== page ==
What Is A Buyer's Agent?

When the time comes to buy a home, you have two main options. First, you could navigate the process on your own, working with the seller to come to an agreement and negotiating the best price. Yet, numerous legal hurdles are involved, and you want to ensure you're not overpaying. That's why you should consider working with a real estate agent, such as a buyer's agent.

According to the National Association of Realtors, 87% of home buyers worked with a real estate agent when purchasing their home. The review also states that 90% of home buyers would turn to the same agent again the next time they decide to buy a house. As you consider the benefits of working with a real estate agent in your situation, you may run across the term "buyer's agent." But what is that? Do you need to seek out a specific type of real estate agent to buy a property? Keep reading to find out.

Defining the term buyer's agent

In real estate, a buyer's agent is simply a professional that specifically represents the home buyer in the transaction, according to Rocket Mortgage. Some real estate agents specialize in working with just buyers, which may mean they do not collaborate with as many people who are listing their homes for sale. Other agents will provide support to both home buyers and home sellers.

You may wish to sign a contract with a real estate agent stating you're working with the buyer's agent. That means this agent's goal is to represent you throughout the transaction and ensure your best interests are kept top of mind. Your agent could point out problems or pricing concerns you need to be aware of, for example, so you don't make costly mistakes. While you will instruct the buyer's agent on the decisions you make, it helps to listen to their opinion and concerns as well, to minimize risk.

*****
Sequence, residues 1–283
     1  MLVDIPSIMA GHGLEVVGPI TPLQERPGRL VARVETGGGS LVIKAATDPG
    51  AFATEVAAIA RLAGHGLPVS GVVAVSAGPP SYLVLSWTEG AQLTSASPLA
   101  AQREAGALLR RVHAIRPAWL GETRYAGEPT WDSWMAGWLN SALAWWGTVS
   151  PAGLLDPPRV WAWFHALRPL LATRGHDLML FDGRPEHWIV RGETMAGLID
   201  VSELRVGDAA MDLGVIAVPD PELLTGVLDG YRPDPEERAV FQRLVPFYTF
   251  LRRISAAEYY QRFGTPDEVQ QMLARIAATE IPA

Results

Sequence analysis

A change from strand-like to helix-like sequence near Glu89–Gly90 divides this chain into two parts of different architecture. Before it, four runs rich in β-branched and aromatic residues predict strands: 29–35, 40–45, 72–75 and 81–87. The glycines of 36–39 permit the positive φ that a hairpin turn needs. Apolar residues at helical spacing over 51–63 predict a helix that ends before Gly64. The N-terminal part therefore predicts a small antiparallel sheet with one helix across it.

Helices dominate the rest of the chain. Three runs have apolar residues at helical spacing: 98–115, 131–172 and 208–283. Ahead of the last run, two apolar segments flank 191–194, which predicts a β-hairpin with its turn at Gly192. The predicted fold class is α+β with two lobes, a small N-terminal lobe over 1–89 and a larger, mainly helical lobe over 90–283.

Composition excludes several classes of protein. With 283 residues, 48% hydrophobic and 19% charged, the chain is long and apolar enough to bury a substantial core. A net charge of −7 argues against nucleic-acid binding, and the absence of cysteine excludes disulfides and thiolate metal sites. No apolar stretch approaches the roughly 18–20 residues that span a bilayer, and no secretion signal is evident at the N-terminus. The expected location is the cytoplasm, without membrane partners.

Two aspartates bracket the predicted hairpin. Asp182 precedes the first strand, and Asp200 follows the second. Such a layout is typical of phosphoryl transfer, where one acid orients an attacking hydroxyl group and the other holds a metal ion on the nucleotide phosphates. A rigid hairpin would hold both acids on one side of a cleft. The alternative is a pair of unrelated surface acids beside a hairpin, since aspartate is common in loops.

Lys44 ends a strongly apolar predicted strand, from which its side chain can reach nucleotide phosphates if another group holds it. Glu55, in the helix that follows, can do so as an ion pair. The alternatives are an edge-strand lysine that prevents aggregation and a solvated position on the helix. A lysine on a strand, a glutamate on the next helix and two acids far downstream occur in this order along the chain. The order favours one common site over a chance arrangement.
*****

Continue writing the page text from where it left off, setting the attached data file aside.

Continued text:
A buyer's agent should work just for you

In some states, it's possible to work with the seller's agent when purchasing the home, which means you'll use the same representative the seller is using to sell the home. However, this process, called dual agency, is risky and should be something you avoid when possible, according to Realtor.com. A buyer's agent works strictly for you, which means they will provide only you with insight into how to negotiate a contract and get the most out of the transaction.

By contrast, in a dual agency, the agent is not able to step over the line by providing the buyer with any insight into the seller's needs. For example, they cannot tell the buyer if they know the seller will take a much lower price on the home. That restricts the real estate agent from providing you with all aspects of the matter available and direction, which could be a violation of their agreement with the seller. The better option is to have your own agent to guide you. That's why choosing a buyer's agent who works just for you in the transaction is beneficial.